Imagine growing up with a steady diet of Disney fare and kids movies —Bambi, Mary Poppins, Dr. Dolittle and the like—and then seeing something like this. It ingrained itself in my memory. I haven't seen it for many years now, yet the memories are crystallized: those plastic white storm trooper outfits, the projection of Princess Leia's "Help me, Obi-Wan Kenobi" plea, the crazy alien bar, the sarcastic humor, the climactic starship fight.

Geez, we'd never seen anything like it. No one had. Today, we're so inundated with action movies featuring aliens, alien worlds and robots that it all seems old hat. We forget this was the movie that started it all.

Erin Sauder, Bolingbrook Patch

While I don't remember much about my first time seeing the Star Wars movies, I do remember wanting to wear my fabulous Underoos Ewok t-shirt all the time.  (See photo.) My mom held onto it for me until I got my own house, at which point she then decided it should make it's new home there.

Lauren Williamson, Darien Patch

There were two little boys and one other little girl in my neighborhood growing up. I would play with the little boys, brothers, as a pair and with the little girl as an individual, but we never formed a four-kid team. While the other girl was by no means girly, she didn't play in mixed company.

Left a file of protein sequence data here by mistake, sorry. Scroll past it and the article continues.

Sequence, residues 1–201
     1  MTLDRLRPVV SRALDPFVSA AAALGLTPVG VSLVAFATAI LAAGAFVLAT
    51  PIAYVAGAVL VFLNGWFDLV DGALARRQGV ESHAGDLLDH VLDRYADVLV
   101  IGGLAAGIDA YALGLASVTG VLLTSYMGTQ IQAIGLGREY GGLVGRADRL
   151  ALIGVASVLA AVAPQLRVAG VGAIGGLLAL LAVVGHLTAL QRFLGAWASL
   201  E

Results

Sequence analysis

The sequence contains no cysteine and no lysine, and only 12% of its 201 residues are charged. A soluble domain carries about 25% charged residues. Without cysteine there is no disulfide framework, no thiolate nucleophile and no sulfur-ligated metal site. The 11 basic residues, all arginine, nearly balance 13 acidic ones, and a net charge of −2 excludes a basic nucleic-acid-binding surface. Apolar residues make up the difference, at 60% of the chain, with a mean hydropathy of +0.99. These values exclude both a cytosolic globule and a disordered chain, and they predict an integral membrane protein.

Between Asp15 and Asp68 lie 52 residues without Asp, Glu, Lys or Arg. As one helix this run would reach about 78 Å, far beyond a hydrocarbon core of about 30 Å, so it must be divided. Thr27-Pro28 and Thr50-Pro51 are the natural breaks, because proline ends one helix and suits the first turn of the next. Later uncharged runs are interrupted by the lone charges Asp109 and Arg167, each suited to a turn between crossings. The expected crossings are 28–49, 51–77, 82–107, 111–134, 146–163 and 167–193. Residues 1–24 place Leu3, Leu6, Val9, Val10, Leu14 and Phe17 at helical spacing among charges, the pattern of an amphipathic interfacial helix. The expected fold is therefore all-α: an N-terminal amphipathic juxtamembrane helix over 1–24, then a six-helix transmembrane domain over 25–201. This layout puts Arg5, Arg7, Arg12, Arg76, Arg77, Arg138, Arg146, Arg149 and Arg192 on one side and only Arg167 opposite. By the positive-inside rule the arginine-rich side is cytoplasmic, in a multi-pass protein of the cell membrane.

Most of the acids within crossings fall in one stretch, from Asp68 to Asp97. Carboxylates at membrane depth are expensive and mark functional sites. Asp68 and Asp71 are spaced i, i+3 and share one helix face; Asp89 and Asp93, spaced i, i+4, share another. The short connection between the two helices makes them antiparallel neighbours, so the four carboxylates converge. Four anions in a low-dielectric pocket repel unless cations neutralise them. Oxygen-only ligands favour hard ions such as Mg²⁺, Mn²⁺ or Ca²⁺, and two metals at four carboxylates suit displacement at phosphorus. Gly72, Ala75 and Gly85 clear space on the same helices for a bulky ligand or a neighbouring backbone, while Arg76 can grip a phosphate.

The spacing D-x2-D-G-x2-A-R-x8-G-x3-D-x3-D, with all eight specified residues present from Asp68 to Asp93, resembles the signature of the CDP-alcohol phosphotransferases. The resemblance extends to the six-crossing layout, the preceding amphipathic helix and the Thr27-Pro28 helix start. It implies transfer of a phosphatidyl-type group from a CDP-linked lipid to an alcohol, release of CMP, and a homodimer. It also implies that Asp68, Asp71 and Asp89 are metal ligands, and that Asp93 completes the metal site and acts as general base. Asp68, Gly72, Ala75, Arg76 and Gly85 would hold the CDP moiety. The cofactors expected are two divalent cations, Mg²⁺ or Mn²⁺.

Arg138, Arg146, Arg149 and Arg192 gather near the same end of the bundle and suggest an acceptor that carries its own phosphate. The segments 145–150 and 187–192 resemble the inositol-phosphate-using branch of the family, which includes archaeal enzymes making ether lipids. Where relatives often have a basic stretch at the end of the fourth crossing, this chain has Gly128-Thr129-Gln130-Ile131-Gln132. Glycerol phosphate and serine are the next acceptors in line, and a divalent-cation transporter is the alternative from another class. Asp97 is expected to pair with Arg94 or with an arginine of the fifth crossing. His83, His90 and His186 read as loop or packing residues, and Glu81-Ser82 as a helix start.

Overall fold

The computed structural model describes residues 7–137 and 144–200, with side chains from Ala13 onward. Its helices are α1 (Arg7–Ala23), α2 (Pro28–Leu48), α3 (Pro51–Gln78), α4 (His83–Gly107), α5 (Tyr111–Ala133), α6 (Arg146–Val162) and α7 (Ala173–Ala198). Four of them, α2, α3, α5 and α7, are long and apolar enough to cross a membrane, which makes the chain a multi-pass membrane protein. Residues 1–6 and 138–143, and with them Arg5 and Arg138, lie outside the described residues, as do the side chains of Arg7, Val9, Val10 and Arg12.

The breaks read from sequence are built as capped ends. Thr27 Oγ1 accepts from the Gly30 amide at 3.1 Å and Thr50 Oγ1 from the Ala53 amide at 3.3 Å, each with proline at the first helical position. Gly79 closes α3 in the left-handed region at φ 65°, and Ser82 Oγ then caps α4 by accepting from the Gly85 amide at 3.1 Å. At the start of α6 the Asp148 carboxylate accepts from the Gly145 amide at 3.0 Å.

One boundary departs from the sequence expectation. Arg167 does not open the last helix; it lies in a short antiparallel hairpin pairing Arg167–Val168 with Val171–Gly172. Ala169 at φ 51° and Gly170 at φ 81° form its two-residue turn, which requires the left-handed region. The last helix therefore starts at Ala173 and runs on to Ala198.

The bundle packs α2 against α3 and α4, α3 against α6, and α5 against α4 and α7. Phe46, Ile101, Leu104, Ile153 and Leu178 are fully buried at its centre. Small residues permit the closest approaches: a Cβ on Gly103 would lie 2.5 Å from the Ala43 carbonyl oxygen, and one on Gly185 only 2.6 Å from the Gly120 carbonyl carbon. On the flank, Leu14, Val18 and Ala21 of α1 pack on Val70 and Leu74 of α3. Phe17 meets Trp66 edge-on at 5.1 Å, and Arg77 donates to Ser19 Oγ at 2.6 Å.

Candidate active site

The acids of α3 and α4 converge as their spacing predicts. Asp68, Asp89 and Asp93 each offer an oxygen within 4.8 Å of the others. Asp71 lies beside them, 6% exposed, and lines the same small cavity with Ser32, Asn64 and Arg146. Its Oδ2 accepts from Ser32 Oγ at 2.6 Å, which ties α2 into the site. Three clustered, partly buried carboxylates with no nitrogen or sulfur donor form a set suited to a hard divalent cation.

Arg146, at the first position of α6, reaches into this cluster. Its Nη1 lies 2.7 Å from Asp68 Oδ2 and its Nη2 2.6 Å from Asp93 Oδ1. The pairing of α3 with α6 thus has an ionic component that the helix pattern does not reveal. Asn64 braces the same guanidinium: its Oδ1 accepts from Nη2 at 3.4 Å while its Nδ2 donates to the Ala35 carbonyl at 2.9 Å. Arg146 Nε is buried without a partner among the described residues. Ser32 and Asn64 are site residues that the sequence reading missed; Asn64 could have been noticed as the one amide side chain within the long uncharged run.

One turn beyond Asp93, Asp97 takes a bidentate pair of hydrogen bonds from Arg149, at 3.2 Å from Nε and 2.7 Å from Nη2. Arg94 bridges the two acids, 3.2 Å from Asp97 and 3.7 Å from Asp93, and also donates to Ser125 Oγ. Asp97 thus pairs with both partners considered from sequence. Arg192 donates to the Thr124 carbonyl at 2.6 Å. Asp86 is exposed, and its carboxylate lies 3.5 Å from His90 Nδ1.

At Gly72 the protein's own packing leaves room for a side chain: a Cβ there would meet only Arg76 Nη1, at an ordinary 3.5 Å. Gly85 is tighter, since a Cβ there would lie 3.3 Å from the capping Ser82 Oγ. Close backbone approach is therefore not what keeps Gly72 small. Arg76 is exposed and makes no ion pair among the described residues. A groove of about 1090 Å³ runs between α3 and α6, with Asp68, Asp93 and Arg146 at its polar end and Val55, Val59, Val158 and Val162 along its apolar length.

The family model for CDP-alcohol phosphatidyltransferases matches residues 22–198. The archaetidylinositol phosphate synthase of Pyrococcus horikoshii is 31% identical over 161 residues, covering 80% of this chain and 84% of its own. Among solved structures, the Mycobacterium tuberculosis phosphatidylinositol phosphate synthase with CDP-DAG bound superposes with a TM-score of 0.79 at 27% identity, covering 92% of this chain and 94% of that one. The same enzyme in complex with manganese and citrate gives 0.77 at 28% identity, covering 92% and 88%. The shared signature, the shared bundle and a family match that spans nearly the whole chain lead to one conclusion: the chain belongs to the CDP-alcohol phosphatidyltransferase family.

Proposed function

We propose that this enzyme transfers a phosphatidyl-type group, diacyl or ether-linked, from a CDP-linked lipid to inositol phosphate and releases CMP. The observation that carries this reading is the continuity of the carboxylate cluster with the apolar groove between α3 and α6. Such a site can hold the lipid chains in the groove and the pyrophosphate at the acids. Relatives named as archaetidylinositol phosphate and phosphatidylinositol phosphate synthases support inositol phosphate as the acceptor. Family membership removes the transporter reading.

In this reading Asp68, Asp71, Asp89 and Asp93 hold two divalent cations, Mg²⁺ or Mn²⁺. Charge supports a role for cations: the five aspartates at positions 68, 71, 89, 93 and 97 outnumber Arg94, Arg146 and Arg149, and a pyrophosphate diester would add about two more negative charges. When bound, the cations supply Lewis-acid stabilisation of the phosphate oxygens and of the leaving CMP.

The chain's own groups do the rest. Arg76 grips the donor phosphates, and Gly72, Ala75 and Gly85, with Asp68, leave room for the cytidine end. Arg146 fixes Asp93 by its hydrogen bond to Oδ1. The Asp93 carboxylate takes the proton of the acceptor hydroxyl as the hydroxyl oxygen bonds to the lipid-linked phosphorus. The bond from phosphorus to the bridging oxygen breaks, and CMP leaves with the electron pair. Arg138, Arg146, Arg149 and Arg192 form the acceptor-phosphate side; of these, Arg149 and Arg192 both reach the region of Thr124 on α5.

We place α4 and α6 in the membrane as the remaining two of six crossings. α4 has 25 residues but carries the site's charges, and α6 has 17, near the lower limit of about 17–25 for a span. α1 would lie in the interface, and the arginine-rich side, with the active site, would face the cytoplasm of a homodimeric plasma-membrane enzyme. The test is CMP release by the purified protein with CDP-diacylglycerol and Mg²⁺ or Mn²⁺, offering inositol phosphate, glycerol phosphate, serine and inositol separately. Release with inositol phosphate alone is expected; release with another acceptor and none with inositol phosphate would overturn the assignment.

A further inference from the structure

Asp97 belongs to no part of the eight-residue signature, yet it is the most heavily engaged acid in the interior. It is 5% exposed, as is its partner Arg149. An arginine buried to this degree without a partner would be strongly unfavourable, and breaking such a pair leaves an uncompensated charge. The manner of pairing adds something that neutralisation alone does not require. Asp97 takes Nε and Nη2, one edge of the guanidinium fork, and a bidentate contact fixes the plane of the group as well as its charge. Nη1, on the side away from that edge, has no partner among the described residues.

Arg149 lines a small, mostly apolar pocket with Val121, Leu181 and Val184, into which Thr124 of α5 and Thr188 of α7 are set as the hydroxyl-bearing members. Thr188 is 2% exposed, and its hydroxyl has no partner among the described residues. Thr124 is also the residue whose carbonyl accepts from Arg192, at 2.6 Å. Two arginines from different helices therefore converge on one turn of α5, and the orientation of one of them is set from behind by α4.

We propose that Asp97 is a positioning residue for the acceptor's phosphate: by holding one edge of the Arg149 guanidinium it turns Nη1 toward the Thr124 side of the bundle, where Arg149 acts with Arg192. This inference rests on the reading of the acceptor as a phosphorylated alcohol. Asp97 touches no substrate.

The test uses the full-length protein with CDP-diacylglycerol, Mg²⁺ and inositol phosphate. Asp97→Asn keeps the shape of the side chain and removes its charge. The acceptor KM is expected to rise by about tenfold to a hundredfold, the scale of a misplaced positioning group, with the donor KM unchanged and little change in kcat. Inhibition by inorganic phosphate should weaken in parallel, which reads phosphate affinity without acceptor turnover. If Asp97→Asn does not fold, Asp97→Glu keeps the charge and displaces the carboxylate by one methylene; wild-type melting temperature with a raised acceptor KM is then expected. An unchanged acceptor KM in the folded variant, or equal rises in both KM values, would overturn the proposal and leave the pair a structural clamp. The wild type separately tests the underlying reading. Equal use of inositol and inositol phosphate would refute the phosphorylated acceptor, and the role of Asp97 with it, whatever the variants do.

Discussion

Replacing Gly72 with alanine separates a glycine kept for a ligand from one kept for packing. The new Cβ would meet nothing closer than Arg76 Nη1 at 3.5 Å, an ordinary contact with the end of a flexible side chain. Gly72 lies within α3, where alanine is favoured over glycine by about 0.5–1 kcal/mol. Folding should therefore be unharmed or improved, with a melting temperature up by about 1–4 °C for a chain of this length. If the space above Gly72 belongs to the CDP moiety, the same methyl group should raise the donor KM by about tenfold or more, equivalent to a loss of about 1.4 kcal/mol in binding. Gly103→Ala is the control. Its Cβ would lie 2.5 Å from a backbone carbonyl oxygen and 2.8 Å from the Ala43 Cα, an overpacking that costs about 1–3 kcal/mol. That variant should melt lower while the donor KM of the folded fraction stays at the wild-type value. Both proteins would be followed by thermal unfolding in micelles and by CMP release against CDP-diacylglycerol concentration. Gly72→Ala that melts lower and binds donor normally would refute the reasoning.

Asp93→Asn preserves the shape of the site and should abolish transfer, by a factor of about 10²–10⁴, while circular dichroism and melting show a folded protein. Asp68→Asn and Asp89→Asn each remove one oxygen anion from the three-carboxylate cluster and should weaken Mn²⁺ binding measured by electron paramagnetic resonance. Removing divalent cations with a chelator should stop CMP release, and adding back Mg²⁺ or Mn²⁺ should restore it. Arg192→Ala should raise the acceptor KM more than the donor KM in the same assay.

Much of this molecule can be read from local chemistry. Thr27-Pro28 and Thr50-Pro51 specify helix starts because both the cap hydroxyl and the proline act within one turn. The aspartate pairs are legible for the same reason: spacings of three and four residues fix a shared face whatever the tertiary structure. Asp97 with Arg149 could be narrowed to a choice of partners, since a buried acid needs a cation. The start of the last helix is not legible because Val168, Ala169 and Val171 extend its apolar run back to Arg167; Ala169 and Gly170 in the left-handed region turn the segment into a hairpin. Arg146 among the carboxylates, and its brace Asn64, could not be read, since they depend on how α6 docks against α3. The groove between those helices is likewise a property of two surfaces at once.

The little boys were mean, and if neighborhood playmates hadn't been such slim pickings I would have avoided them altogether. They pushed me off my bike, flung a penny in my eye and introduced me to how boys pee by casually urinating in front of me whenever they pleased.

Playing with them was chaos.

Unless we played Star Wars. The brothers had an outstanding collection of Star Wars figurines, dozens of fully articulated Han Solos, Luke Skywalkers and Boba Fetts. The characters congregated on a scale Millennium Falcon that, standing on end, reached my tiny shoulders.

In Star Wars, the brothers found a fantasy world enthralling enough to distract them from their primary m.o. of raising hell. In Star Wars, I found a fantasy world where I had playmates my own age with whom I shared some common ground.